Review: AirJax Atomic Floyd Earphones

By Mike Wheeler

  • Excellent, crisp sound
  • No discernable distortion
  • Nice fit

In-ear headphones have always been a problem for me, so I rarely use them. I don’t know whether it’s because I’ve sensitive ears, or whether the compound that most are made of is just too hard. I know of a few people that have the same problems, but most find these type of units no problem.

So when I was asked to review Atomic Floyd’s AriJax earphones, I was a little dubious, not least because of the discomfort I was expecting.

First the bad. They are really a pain in the butt to fit. The actual earphones themselves slot in nicely, but the earhooks – which as the name suggests, hook over your ears – are fiddly to put on. It took me an age to do so, and yet I don’t have particularly stubby fingers, or big ears (although some would probably beg to differ on the latter). Once the hook is over the ear, then you have to manoeuvre the earpiece into the aural channel.

Once getting over the rigmarole of fitting them, you are then left to digest the pros and cons of the sound. Now, this is where it gets impressive. I have tried several types of earphones over the years, and for most part, the sound quality has always left me satisfied – not overwhelmed, just happy. However, if I was to compare the AirJax with any of the previous earphones, then I would find them wanting.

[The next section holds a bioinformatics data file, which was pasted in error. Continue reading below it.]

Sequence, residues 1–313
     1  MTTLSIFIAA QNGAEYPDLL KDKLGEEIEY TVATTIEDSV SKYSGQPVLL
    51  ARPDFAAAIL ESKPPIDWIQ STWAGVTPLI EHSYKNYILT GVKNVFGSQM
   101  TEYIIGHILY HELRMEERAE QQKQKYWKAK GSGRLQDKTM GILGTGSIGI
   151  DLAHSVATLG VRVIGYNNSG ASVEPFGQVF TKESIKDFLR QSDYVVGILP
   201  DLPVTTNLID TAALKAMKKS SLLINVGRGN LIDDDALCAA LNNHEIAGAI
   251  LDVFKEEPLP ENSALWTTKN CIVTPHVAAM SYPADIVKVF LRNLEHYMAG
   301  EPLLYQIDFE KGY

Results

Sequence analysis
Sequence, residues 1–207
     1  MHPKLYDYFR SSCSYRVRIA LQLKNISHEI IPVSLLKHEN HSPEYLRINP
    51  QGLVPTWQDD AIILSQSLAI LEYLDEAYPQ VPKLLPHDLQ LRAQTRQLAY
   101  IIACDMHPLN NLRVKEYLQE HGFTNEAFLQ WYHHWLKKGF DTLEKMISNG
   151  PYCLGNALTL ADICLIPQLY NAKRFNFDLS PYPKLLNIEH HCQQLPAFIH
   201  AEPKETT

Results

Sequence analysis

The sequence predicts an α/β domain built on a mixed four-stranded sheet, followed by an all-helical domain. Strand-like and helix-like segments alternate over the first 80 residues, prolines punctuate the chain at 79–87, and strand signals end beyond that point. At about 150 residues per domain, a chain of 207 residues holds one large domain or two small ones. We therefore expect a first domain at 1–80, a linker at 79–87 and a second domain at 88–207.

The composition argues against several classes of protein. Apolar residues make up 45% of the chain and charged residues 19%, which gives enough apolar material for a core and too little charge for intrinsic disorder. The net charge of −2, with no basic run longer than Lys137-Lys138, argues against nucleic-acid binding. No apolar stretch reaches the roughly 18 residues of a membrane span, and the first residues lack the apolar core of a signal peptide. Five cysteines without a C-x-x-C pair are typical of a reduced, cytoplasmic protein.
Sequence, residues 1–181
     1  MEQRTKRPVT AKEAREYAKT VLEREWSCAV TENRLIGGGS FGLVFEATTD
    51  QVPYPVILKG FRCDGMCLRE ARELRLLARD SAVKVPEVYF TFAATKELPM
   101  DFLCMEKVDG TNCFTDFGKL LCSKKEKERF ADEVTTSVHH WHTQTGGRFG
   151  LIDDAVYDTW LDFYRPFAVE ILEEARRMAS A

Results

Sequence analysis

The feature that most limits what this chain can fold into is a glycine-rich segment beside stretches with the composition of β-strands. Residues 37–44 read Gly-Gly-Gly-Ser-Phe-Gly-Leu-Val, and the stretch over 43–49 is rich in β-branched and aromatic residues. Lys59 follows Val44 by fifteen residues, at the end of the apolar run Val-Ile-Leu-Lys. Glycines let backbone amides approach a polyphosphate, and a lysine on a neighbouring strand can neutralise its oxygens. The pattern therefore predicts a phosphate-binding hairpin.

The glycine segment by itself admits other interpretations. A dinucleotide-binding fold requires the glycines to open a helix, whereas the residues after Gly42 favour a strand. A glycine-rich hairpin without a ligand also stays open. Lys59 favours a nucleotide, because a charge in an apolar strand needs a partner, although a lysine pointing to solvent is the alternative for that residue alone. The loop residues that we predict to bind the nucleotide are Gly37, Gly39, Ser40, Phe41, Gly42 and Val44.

Using my recently purchased iPod touch, I decided to try some classical music with the Academy of St Martins in the Field putting JS Bach’s Air on a G String through its paces. The orchestration was near perfection and I could hear each section of strings come in, with the ability to distinguish between each one as it entered the arrangement. In the past, this has sometimes come through as a mish-mash of noise, without any notable layer of sound being introduced.

Second, for a change of pace on came Green Day’s She’s A Rebel, which nearly blew my eardrums off with the intro, but with a surprising lack of distortion as it hit full tilt boogie. Of course, my ears were ringing for some time afterwards, but it was an experience I was happy to live with.

Next up was Blondie’s Sunday Girl. This was an interesting one. Every other iteration of earphone I’ve tried seems to know on instinct that this tune has not been remastered, so there is a noticeable audio dropout compared to some of the recently produced tracks. And while the sound dropout was still noticeable, it is nowhere on the same scale as other plugs I have tried.

So what makes the sound so good? Well it does have a 24k gold 3.5mm audio jack, which helps with conductivity; a bass port for distortion-free bass; high-performance, oxygen-free cable; as well as a frequency range of 5Hz to 25Hz.

Overall, I liked these earplugs a lot. I would go as far to say they would give my standard-setting Sennheiser pair a good run for their money.

RRP
$299.95

Pros: Excellent sound, reasonably comfortable
Cons: Fiddly earhooks, pricey

4 Shack out of 5



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